Red list 2020: European bison recovers after 31 extinctions
On December 15th, BirdLife released its annual update on the status of the world’s birds, revealing which species are at higher risk of extinction and which species are slightly easier to breathe. In advance, the IUCN published its update for other taxa – and we are happy to share the news that an old member of the European fauna is roaming the forests and plains again. The European bison Bison bonasus is Europe’s largest land mammal. The emerging outlines formed an icon of prehistoric cave art and testified to their crucial role in the lives of our ancestors of hunters and gatherers. Today, thanks to continued conservation efforts, the species has moved from endangered to near threatened on the IUCN Red List.
This is an extremely inspiring development given the tragic history of the ungulate. The bison was critically endangered in the wild in the early 20th century and only survived in captivity until its reintroduction in the 1950s. But it would take many years of care and management before it really began to flourish. Eventually, the wild population rose from 1,800 to over 6,200 bison between 2003 and 2019, justifying the move from Vulnerable to Near Threatened this year. Today there are 49 free range herds, with most of them found in Poland, Belarus and Russia.
European bison, copyright Jan Kelchtermans, from the Surfbirds galleries
Dr. Rafał Kowalczyk, co-author of the new assessment and member of the IUCN SSC Bison Section, emphasizes that the work is not yet complete: “Historically, European bison have mainly been reintroduced into forest habitats where they cannot find enough food in winter. However, when they move from the forest to agricultural areas, they often come into conflict with humans. To reduce the risk of conflict and the bison’s reliance on supplements, it will be important to create protected areas with open meadows to graze on. “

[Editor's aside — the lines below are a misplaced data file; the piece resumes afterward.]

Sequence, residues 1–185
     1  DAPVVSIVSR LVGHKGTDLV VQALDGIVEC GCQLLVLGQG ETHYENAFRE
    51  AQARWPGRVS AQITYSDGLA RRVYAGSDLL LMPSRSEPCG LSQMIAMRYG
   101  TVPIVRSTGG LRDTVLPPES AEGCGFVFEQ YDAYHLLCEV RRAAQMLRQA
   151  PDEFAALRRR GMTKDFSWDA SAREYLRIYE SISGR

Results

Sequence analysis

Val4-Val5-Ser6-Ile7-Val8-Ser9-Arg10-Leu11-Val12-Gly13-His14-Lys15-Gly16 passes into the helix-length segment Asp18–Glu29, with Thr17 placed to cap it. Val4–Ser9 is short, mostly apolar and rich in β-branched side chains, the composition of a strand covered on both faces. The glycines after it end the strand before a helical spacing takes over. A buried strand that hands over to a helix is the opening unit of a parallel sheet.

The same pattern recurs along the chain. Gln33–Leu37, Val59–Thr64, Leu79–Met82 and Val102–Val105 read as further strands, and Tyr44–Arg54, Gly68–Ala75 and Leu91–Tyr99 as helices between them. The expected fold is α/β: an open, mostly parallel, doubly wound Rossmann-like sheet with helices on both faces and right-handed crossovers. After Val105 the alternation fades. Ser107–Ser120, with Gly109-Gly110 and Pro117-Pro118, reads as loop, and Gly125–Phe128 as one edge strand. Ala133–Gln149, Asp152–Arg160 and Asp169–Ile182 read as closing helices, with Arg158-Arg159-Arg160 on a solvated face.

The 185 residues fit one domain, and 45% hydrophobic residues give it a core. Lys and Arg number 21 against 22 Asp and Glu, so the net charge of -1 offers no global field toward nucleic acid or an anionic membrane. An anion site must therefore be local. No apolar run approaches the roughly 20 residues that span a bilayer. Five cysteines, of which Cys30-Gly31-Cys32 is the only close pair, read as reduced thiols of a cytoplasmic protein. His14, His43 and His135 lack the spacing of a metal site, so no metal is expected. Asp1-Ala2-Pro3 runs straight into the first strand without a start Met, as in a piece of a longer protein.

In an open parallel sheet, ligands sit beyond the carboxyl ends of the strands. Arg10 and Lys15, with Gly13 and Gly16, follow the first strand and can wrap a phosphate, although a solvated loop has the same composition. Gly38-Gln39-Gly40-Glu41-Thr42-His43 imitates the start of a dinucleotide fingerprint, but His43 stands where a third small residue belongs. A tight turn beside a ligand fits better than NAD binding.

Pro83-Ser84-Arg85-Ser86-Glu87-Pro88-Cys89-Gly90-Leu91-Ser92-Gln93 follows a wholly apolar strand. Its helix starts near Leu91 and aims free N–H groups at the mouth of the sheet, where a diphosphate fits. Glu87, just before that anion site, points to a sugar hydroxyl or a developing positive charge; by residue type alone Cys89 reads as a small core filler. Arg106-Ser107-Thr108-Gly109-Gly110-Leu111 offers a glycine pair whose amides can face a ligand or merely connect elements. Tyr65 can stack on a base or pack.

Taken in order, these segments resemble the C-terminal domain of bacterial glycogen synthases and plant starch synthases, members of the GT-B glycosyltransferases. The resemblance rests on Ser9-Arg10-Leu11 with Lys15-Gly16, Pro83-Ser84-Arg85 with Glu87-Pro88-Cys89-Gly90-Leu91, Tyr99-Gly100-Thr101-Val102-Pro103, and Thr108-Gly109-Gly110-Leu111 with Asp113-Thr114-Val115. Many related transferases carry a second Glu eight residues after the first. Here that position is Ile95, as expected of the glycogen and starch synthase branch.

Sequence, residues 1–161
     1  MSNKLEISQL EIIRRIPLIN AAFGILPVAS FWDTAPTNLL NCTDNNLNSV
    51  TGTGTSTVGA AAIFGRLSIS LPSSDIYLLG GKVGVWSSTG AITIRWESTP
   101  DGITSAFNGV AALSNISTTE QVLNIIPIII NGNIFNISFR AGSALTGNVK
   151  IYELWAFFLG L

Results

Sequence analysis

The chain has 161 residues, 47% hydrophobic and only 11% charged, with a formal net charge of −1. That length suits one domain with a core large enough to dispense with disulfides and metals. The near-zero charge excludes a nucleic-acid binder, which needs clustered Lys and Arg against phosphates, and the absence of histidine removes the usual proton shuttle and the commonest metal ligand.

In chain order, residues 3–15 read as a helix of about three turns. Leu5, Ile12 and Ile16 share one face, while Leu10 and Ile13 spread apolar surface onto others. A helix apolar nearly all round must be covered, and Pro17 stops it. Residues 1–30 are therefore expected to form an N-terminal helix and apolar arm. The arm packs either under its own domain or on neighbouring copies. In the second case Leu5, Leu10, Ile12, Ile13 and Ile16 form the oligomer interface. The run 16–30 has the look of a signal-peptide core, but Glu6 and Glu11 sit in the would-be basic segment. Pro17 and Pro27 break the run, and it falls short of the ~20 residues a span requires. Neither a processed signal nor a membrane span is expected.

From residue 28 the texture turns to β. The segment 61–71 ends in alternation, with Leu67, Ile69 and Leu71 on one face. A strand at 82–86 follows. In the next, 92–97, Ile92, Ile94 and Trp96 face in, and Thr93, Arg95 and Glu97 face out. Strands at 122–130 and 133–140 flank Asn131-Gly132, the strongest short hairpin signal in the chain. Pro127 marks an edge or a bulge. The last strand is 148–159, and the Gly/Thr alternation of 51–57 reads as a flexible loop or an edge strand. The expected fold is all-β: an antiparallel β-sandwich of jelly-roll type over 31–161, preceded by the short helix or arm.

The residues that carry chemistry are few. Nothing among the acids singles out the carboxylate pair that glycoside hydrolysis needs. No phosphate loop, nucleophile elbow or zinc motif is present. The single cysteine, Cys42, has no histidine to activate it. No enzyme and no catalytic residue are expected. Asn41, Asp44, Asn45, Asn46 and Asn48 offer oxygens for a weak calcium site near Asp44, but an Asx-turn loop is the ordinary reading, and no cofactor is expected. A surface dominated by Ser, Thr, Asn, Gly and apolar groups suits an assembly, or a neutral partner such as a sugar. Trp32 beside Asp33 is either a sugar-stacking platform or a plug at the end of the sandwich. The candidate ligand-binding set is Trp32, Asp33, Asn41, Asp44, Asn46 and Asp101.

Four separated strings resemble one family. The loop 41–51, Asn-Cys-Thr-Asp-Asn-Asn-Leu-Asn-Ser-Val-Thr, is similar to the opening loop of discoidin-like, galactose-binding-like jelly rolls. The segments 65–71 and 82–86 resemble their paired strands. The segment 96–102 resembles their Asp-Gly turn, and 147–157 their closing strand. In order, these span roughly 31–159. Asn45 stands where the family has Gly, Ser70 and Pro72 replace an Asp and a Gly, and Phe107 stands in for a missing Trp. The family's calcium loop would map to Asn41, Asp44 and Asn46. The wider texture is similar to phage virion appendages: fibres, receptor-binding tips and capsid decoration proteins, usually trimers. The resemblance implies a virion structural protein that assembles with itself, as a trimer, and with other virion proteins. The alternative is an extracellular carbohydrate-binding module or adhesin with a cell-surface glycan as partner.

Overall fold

This high profile achievement is encouraging evidence of the impact conservation can have when enough investment and resources are made. Road maps like these are all the more important as the extinction crisis is accelerating: In this year’s update of the Red List, 31 species were officially reported as extinct. This included 15 species of unique fish found only in Lake Lanao in the Philippines, whose deaths were due to invasive species, destructive fishing practices, and overfishing.
Also on the extinction list are three Central American frog species that were wiped out by the devastating chytridiomycosis disease: a fungal infection that is rapidly spreading across the world’s amphibians, and possibly made worse by climate change. Fortunately, efforts to protect critical habitats are helping several other amphibian species recover. Among them is the Oaxaca tree frog, Sarcohyla celata, which moved from Critically Endangered to Near Critic this year thanks to the commitment of local communities in Mexico.
“The conservation achievements of today’s Red List update are living proof that the world can set and achieve ambitious biodiversity goals. They also underscore the need for real, measurable commitments in formulating and implementing the global framework for biodiversity beyond 2020, ”said Dr. Jane Smart, Global Director of the IUCN’s Biodiversity Conservation Group.
Preventing future extinctions must be a priority in the new global nature plan. With the change of the Tucuxi dolphin Sotalia fluviatilis from Data Deficient to Endangered this year, all freshwater dolphin species in the world are now classified as threatened. The Tucuxi, a small gray dolphin found in the Amazon river system, has been decimated by accidental catching of fishing gear, damming rivers, and pollution. To restore them, it is no longer necessary to use gill nets – curtains made of fishing nets hanging in the water – to reduce the number of dams and enforce the ban on deliberate dolphin hunting.
Even something as solid and familiar as oak is no longer protected from human pressure. A comprehensive assessment of this group of trees this year shows that almost a third – 113 of 430 species – are threatened with extinction. Land clearance for agriculture and logging are the most common threats in China, Mexico, and Southeast Asia. However, in the US, invasive alien species, disease, and climate change are major concerns.
While this news sounds daunting, the Red List is a far cry from the death penalty it appears to be. Instead, it is an early warning system that guides us where action is most needed. Species classified as threatened are becoming a focal point for scientists, governments and communities to focus their efforts. The Red List is far from an end point – it all starts here.